An Insider's Look at Mormon Culture

Archive for January, 2013

Black, White, or Gray?

I gave my 9th grade English students practice debates on values while we were reading Romeo and Juliet. They complained that I only gave them one-sided situations. “What do you mean?” I asked and read aloud the day’s prompt: “You should be friends with odd kids that your own friends make fun of.”

They insisted that statement had only one side. I said, “Come on. There’s the side that you say you believe and there’s the side that you actually do. That’s two sides.”

My students were sincere. In their minds the principle of being nice to the less fortunate is true. They’ve learned that at school, at church, and at home. In their minds, it is a truth with which they cannot argue. They believe they should be nice to others, but no one has given them permission to count the cost of acting upon this principle.

For most fourteen and fifteen-year-olds, the cost of befriending “odd” or “weird” classmates is more than they can handle. Kids are not hypocrites when they say they believe in befriending everyone. They simply avoid thinking about how their actions don’t measure up to their beliefs. Admitting they fail to live up to this principle would cast themselves as uncaring people.

When I gave my students permission to think about valid reasons they had for not wanting to befriend “losers,” they engaged in honest discussion. I was pleased to hear some strong negative arguments in that day’s debates. Maybe some of them were even freed to think of baby-steps of acceptance they could make toward rejected classmates.

There’s a problem with the way we teach values to children—and even to adults at church. Most of the time, we offer a moral or religious truth as an imperative—something everyone must do—usually in every situation. But, the world is not black and white. Different situations may call for alternative rules and regulations. Even “Thou shalt not kill,” is generally interpreted to allow taking life for self-defense or serving one’s country.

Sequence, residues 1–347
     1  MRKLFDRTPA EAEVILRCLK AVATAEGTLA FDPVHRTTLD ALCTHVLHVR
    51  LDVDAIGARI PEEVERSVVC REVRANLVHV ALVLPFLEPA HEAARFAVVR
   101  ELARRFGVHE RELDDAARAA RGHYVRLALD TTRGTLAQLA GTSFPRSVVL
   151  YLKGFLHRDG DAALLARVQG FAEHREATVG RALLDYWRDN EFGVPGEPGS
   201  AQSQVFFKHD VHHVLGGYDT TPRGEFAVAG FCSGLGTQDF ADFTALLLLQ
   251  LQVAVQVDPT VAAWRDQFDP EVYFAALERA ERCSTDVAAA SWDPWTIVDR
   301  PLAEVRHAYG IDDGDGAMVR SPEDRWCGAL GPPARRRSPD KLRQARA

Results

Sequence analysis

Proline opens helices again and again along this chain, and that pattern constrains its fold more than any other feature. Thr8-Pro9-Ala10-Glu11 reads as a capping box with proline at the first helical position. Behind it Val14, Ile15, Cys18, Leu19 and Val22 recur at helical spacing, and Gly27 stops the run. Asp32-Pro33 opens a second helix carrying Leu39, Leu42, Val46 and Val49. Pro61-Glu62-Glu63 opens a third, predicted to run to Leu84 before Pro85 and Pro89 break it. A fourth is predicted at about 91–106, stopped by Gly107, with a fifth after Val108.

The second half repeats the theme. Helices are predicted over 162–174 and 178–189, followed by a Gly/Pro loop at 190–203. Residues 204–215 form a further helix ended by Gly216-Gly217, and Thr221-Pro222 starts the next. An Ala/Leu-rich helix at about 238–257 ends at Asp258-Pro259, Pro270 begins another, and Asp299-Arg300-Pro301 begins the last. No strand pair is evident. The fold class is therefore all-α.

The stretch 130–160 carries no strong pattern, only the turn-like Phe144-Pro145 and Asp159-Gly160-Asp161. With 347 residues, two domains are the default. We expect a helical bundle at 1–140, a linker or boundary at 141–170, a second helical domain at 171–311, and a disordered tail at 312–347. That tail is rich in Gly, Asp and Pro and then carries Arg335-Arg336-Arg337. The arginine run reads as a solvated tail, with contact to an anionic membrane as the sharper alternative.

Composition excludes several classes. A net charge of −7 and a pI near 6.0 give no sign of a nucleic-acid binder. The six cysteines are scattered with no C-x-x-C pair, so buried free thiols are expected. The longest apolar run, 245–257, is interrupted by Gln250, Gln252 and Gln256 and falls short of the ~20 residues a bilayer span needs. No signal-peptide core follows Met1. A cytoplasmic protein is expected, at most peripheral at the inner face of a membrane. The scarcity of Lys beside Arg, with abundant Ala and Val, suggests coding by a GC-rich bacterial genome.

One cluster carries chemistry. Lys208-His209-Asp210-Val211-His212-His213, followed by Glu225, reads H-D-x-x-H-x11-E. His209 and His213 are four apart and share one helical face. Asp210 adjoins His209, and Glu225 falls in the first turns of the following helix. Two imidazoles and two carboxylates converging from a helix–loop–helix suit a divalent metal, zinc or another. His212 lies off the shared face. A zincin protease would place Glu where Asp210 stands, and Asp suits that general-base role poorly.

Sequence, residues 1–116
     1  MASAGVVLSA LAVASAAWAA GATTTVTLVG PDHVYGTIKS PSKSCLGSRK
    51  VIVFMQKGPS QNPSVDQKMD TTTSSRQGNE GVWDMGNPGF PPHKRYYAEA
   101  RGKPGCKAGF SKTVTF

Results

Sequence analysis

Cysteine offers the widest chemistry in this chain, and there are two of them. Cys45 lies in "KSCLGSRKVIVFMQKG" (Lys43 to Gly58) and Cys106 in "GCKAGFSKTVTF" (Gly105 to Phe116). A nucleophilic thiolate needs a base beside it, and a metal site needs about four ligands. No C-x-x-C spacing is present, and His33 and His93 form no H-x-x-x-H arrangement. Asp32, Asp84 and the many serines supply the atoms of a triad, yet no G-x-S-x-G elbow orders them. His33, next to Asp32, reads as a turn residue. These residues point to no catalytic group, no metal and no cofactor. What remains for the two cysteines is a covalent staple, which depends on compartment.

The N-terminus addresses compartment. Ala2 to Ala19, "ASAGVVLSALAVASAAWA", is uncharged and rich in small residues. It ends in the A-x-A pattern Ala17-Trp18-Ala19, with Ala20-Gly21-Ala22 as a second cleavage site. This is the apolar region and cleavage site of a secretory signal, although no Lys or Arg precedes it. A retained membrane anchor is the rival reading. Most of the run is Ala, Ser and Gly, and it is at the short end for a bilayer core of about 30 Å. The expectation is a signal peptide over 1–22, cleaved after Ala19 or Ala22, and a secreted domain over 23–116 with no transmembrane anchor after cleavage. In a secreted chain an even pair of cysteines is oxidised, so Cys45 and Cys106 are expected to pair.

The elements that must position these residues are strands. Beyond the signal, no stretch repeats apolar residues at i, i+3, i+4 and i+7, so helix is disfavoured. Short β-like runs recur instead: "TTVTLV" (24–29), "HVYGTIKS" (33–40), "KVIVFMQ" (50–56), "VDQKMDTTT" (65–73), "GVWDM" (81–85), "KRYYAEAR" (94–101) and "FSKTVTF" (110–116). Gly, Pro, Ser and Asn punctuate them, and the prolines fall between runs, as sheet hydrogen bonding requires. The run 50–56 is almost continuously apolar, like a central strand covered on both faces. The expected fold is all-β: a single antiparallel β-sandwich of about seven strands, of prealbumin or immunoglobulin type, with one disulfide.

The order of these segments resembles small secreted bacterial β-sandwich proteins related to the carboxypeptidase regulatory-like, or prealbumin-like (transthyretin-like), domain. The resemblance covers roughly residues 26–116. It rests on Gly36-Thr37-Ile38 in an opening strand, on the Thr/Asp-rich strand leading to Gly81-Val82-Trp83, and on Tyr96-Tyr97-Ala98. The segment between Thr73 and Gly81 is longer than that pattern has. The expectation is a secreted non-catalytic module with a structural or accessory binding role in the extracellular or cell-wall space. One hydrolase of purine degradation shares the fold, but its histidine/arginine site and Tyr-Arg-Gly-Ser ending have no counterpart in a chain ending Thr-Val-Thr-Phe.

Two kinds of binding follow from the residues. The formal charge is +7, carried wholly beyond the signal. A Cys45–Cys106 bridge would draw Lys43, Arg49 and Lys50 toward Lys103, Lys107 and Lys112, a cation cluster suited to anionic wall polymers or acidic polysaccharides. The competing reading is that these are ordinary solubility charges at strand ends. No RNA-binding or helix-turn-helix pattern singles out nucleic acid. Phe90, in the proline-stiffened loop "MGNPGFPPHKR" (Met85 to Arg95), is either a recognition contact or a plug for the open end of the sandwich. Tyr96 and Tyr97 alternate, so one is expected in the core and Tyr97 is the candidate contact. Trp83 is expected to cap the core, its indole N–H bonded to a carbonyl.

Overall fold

Believing social and moral issues have only one side, prevents us from considering alternatives. And when we can’t live up to a belief or value, we simply avoid thinking about it. If we don’t think about our behavior, we can’t change it.

Open the Canon

Even the most devout Mormons complain about the dullness of the Sunday lessons. The official response is, “Milk before meat.” Unfortunately, no meat seems to be on the horizon, even for Saints who have attended the three-hour block faithfully for three decades or more.

Those of us who remember the beauty of David O. McKay’s sermons where he quoted passages from Shakespeare and other great authors mourn the sterile stuff we have been served for at least a generation. Church lessons are now pretty much restricted to stories and quotations from past and present prophets, supplemented with supporting scriptures. Even General Conference addresses have become rehashes of statements from past general authorities.

Mormon scriptures and the Bible are only four books among a plethora of wisdom that has been recorded and handed down throughout written history. Mormon prophets and apostles represent only a handful of many thousands of brilliant, spiritual men and women who have, no doubt, been enlightened by the same loving Creator.

Why must Church lessons be restricted to such limited sources of light and knowledge? Granted, some favorite topics such as priesthood, missionary work, temple work, and the restoration don’t lend themselves to outside sources. Still, topics like love, family, faith, self-improvement (becoming perfect), charity, service, and following Jesus are all topics where many non-Mormons have wisdom from which we could profit.

Mother Teresa’s record of her struggle to feel loved and approved by God could surely benefit Mormons as well as Catholics. Trappist monk, Thomas Merton’s description of the spiritual oil in our lamps that will keep burning after the body dies is a beautifully, comforting analogy. In his 1949 book, Jesus and the Disinherited, Howard Thurman, the African-American pastor and university dean, teaches a truth which pertain to ethically-challenged Americans today. He writes, “If a man continues to call a good thing bad, he will eventually lose his sense of moral distinctions.”